First-generation (straight-wing1) Learjets (the 23, 24, 25, 35, and 36) are, rather infamously, beasts to fly, due in part to their hideous stall behaviour;2 due to their flow-separation-prone laminar-flow wings, they have a tendency to stall at a fairly high speed with little to no warning and roll uncontrollably to one side, something that caused a considerable number of fatal crashes upon landing.

For this reason (and others), a number of modifications were devised over the years for the first-generation Learjet wing to improve its flight characteristics:

  • The Dee Howard-Raisbeck Mk. II wing mod, which lowered the aircraft's stall speed considerably, was released in 1975.
  • The following year, Gates Learjet responded with the Century III modification pack, which both lowered the aircraft's stall speed (by modifying the cross-section of the wing's leading edge) and modified the aircraft's stall-warning system to alarm earlier if the aircraft's angle of attack is increasing rapidly.
  • In 1979, the Softflite modpack (a set of stall strips and wing fences installed on the upper surfaces of the wings) became available; it considerably improved the straight-wing Learjets' stall characteristics, changing their behaviour from an abrupt stall and violent rolloff to a gradual, wings-level stall.

Learjet 23 owners, however, are unable to benefit from most of these improvements, as most of them were never approved for use on the 23. The Mk. II modification was approved for the Learjet 23, but the Century III and Softflite modpacks - with the former's improved stall-warning system and the latter's benignified stall characteristics - were made available only for the Learjet 24 and up:

The manufacturer's Century III and Softflite wing modifications to improve the airplane's slow speed and stall characteristics have not been approved for the [Learjet] Model 23. The Dee Howard-Raisbeck, Mark II, a similar wing improvement modification, has been approved for the Model 23, but the accident airplane was not equipped with this modification. ... [NTSB AAR-83-01, page 16 (numbered as 13).]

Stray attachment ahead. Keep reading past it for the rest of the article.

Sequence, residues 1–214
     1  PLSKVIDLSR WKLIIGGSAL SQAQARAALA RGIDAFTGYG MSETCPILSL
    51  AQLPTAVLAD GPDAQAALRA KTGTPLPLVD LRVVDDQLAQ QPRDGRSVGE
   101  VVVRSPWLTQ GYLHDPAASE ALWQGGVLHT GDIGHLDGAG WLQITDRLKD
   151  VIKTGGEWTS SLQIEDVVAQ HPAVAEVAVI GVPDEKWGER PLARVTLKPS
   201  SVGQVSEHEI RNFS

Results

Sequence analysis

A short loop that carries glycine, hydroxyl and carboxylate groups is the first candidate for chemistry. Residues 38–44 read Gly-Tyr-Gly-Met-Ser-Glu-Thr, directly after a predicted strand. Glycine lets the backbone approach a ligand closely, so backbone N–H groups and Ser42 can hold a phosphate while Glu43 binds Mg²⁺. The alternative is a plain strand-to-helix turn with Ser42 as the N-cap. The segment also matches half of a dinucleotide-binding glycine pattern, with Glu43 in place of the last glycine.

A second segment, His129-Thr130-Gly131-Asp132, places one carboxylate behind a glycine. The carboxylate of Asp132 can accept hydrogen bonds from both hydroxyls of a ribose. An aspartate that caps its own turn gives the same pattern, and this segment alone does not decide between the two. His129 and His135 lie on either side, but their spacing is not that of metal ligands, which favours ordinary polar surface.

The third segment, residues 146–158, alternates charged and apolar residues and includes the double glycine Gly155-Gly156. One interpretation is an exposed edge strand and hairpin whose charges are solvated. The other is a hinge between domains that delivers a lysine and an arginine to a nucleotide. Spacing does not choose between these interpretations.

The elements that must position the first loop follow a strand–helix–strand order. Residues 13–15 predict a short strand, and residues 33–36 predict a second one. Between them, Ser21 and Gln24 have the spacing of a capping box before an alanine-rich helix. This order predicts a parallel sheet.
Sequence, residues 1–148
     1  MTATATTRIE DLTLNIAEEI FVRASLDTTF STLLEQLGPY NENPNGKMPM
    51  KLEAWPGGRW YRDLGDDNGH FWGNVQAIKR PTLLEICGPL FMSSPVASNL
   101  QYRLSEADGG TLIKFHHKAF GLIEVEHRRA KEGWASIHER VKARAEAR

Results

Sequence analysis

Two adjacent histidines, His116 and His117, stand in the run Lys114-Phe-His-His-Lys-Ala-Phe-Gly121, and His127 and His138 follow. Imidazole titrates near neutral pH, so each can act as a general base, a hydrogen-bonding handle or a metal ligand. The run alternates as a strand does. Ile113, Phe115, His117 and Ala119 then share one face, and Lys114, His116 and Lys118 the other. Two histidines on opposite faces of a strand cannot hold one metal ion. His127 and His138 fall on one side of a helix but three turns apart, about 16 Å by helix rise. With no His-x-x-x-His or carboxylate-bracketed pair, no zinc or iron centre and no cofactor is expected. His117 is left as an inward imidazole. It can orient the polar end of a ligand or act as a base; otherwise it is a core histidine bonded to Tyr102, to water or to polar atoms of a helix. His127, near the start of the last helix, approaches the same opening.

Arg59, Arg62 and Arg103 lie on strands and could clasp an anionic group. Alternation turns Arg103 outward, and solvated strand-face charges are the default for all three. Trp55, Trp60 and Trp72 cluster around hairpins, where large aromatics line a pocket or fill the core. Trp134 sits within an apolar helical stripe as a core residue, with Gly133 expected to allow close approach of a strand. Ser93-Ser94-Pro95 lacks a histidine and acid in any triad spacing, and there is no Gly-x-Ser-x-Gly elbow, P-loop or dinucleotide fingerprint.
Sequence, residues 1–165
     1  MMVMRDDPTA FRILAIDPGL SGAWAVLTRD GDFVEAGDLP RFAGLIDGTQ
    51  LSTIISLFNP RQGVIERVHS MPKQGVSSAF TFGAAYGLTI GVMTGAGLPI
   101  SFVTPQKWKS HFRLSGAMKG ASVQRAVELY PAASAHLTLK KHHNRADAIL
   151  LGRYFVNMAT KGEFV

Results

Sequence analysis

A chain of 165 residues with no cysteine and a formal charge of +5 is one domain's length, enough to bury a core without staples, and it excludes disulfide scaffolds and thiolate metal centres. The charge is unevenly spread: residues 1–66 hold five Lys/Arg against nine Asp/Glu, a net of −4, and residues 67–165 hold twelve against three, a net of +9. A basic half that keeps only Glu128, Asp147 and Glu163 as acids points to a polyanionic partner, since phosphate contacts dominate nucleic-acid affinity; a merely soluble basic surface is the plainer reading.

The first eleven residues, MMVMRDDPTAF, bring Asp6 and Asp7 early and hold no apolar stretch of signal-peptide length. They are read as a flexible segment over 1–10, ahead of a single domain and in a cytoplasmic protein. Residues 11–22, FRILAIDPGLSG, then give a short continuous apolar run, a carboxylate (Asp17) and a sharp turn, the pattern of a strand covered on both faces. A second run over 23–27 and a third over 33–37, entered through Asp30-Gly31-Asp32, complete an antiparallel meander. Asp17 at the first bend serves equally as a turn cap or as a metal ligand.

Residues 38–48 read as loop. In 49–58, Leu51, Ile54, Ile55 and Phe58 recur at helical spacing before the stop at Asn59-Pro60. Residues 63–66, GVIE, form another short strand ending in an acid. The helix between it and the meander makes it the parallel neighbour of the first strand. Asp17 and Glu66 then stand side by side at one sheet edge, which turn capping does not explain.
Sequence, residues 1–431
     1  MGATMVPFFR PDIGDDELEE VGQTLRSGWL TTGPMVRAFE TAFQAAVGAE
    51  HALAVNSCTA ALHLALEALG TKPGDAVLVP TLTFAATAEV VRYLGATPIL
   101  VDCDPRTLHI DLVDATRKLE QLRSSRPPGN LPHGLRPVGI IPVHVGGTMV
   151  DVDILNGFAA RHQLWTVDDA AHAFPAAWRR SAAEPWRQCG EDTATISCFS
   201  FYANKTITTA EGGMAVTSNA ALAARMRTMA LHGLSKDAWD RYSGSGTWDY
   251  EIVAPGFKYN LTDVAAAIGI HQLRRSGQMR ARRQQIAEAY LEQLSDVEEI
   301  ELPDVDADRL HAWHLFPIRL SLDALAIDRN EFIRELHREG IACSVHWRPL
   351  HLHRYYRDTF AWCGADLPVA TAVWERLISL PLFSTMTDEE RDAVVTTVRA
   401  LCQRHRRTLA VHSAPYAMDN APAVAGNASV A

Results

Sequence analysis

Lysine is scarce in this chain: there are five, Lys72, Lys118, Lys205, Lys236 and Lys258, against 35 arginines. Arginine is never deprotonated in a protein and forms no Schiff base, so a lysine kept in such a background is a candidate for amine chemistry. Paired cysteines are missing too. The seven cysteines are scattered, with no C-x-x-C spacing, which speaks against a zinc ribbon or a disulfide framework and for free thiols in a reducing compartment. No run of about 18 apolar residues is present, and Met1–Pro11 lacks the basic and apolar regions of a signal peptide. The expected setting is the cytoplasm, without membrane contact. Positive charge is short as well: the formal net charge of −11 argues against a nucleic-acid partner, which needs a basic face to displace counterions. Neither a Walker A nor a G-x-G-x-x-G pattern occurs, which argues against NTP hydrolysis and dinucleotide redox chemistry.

Why was the Learjet 23 excluded from most of these stall-protective modifications?

1: Technically, the wings of first-generation Learjets do have some sweep. However, the wings' sweep angle is too small to make a meaningful improvement in the aircraft's flight characteristics; the 23/4/5 have the leading edge swept at 13° and the trailing edge unswept (giving a quarter-chord sweep angle of only 9.75°), and the wings of the 35/6 are based on the 23/4/5 wing, with the addition of completely-unswept wingtip extension panels which give it an even lower effective sweep angle.

2: Other bad points: an original autopilot with a great tendency to produce large, spontaneous pitch inputs in either direction, a tendency to dutch-roll violently if said autopilot failed or was disconnected at cruise speed, or if the aircraft's yaw damper failed or was disconnected at any time except when configured for takeoff or landing, a mach-tuck susceptibility best described as "extreme" at not far above MMO on an aircraft with easily enough engine power to exceed that limit in level flight (aggravated by an overmach-recovery procedure which, as it turned out, was very likely to send the Learjet into an unrecoverable dive), et cetera, et cetera.


1 Answer 1


The cost of approving an STC for an aircraft can be quite expensive and the return on investment may not have been worth it.

|Aircraft   |  # Built |  Year Certified |
|Learjet 23 |    104   |       1964      |
|Learjet 24 |    259   |   1966 to 1976  | (All variants)
|Learjet 25 |    369   |   1967 to 1976  | (all variants) 
|Learjet 35 |    670   |   1974 to 1976  | (all variants)
|Learjet 36 |     64   |   1974 to 1976  | (all variants)

The Lear 36 is, for all practical purposes, a variant of the Lear 35. If you take a look at the list, the Lear 23 is the oldest with the least number built and that would weigh heavily on whether or not to pursue an STC. If an owner of a Lear 23 wanted to purchase the STC and absorb the cost of the certification, these would have been made available to those aircraft as well.

An owner can effectively upgrade their Lear 23 to a Lear 24 by completing and engineering change record (ECR 227, ECR 230 or ECR 233 depending on serial number). Once the new Lear 23/24 name plate is installed, the STCs may be applicable.

It is also just a guess. The FAA (as we know it now) was formed in 1967. It is possible, the STC holders tried to get their modifications approved by the FAA for the Lear 23 but since the aircraft was certified before the FAA was formed, they may have declined or required the aircraft to meet current aircraft design standards and that may have been cost prohibitive.


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